Identify who (claimant, representative payee if applicable, representative, and witnesses) is involved in or is a witness to the event that led to the violation.
Explain the events (actions on the part of the representative and the claimant) that led to the violation. For the different violation types, refer to the examples in GN 03970.010. The following bulleted list are examples of the type of information needed in the explanation:.
Actions on the part of the representative include actions such as requesting and receiving unauthorized fees;
Actions on the part of the claimant include receiving the request for payment, paying the fee, and receiving a receipt as proof of payment of the unauthorized fees;
List what led the claimant to question the fees that his or her representative charged (For example, the fee notice or another person’s input);
Identify whether the fee was in addition to any fee(s) that we already authorized or if fee collection was completely unauthorized;
If we authorized the fee, indicate whether we authorized it through a fee petition or a fee agreement;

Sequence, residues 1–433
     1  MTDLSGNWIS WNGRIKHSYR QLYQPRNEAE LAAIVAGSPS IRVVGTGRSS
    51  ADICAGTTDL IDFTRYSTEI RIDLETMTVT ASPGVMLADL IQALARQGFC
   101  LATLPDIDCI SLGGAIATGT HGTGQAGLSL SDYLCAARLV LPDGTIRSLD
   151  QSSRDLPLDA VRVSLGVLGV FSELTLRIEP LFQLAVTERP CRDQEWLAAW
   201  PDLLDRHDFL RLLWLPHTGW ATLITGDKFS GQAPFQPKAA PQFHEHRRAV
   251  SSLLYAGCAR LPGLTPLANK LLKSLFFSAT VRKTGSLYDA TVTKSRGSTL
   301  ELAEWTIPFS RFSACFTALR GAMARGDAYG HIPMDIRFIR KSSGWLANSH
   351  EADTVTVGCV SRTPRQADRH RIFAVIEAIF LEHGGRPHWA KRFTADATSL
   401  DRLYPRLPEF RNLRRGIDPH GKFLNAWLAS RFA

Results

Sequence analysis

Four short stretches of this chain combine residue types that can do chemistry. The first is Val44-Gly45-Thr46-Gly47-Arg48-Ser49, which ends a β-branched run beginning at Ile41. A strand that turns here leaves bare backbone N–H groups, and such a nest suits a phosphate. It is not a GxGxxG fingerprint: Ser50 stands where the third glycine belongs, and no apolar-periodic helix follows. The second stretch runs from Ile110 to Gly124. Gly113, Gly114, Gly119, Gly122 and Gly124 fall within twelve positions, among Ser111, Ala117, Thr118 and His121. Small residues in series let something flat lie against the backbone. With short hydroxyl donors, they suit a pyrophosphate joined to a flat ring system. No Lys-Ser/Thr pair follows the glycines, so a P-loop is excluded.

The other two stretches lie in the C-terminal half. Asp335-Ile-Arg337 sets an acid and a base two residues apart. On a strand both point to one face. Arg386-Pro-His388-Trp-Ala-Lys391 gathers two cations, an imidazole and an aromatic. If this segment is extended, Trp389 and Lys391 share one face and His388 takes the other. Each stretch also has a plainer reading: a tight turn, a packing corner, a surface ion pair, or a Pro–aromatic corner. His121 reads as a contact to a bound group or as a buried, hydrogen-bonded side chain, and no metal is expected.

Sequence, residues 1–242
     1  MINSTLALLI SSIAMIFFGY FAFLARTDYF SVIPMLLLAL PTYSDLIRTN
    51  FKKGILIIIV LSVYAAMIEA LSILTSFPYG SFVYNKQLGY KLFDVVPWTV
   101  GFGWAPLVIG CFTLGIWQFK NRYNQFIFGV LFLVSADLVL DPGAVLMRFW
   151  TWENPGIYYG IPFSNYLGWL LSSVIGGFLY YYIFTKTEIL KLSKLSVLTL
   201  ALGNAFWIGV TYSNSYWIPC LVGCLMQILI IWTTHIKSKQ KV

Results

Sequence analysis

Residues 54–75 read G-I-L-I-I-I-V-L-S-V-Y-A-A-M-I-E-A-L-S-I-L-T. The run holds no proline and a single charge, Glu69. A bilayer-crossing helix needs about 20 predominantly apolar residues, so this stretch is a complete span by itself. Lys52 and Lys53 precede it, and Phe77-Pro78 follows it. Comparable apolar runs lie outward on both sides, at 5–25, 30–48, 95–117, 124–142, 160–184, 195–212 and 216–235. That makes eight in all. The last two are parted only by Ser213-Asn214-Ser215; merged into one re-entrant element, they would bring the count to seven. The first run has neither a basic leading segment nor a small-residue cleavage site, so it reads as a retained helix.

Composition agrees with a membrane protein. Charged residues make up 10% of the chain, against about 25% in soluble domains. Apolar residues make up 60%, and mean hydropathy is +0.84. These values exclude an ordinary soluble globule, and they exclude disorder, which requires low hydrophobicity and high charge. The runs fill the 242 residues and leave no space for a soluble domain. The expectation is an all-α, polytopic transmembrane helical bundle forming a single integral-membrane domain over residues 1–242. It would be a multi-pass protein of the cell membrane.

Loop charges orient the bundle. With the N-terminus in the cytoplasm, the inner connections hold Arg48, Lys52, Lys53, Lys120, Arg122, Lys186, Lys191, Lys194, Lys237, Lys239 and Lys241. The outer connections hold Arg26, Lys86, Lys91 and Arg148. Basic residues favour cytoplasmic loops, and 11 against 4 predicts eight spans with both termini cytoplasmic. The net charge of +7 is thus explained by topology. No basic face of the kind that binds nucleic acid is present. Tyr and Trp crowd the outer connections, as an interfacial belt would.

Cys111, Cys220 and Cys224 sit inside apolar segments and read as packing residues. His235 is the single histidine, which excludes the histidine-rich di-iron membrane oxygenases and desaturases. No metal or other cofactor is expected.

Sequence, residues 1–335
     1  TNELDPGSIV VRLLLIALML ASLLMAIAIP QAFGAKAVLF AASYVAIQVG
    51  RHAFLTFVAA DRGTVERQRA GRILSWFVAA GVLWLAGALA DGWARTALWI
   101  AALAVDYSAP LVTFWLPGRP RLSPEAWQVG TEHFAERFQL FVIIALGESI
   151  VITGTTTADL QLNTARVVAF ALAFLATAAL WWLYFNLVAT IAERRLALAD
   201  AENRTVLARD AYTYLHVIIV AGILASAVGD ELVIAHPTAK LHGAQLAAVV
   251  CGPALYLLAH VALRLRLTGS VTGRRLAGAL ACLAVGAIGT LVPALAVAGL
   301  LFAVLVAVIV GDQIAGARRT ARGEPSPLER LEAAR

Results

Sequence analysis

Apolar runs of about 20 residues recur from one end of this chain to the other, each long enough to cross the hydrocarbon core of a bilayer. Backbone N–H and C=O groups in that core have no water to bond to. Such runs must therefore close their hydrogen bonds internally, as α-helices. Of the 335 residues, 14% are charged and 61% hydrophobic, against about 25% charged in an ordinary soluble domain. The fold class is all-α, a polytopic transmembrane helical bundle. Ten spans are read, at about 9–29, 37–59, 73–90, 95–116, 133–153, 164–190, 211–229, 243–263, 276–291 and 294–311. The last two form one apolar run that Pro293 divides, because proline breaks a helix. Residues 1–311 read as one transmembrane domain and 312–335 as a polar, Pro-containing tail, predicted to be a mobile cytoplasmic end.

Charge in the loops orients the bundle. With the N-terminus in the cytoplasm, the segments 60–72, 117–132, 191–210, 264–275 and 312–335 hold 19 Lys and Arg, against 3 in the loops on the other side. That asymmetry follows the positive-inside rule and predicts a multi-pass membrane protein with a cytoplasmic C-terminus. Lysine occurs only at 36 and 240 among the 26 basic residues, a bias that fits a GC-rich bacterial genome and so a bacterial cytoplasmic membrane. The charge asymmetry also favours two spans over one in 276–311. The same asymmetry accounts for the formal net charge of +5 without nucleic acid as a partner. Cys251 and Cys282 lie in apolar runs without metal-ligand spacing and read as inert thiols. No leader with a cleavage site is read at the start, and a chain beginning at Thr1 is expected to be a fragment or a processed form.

Determine and document whether the representative collected any money to recover costs or expenses; and
Determine and document whether the representative had a trust or escrow, agreement with the claimant, or deposited any of the fee into a trust or escrow account. For more information on escrow accounts, refer to GN 03920.025.
Identify, as described in the following list, when the events took place:
List the date the claimant received the billing statement or request for payment of the unauthorized fee(s);
If the fee was paid, determine the date the claimant or SSA paid the unauthorized fee to the representative; and
Indicate when the claimant realized that the appointed representative charged him or her an unauthorized fee.
Identify where the events took place (For example, the claimant’s home; the representative’s office; a bank or check cashing facility; through the mail).
Explain, as described in the following list, how the events took place:
How much did the representative charge;